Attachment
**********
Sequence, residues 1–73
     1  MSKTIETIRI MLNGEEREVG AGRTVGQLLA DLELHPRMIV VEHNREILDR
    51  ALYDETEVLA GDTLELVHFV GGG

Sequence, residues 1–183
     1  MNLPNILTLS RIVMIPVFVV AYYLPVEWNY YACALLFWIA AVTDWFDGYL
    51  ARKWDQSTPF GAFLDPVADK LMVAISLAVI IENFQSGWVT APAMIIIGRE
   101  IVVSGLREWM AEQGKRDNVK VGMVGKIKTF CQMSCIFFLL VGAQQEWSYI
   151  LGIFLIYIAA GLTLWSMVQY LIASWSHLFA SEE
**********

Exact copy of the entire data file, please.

Sequence, residues 1–73
     1  MSKTIETIRI MLNGEEREVG AGRTVGQLLA DLELHPRMIV VEHNREILDR
    51  ALYDETEVLA GDTLELVHFV GGG

Sequence, residues 1–183
     1  MNLPNILTLS RIVMIPVFVV AYYLPVEWNY YACALLFWIA AVTDWFDGYL
    51  ARKWDQSTPF GAFLDPVADK LMVAISLAVI IENFQSGWVT APAMIIIGRE
   101  IVVSGLREWM AEQGKRDNVK VGMVGKIKTF CQMSCIFFLL VGAQQEWSYI
   151  LGIFLIYIAA GLTLWSMVQY LIASWSHLFA SEE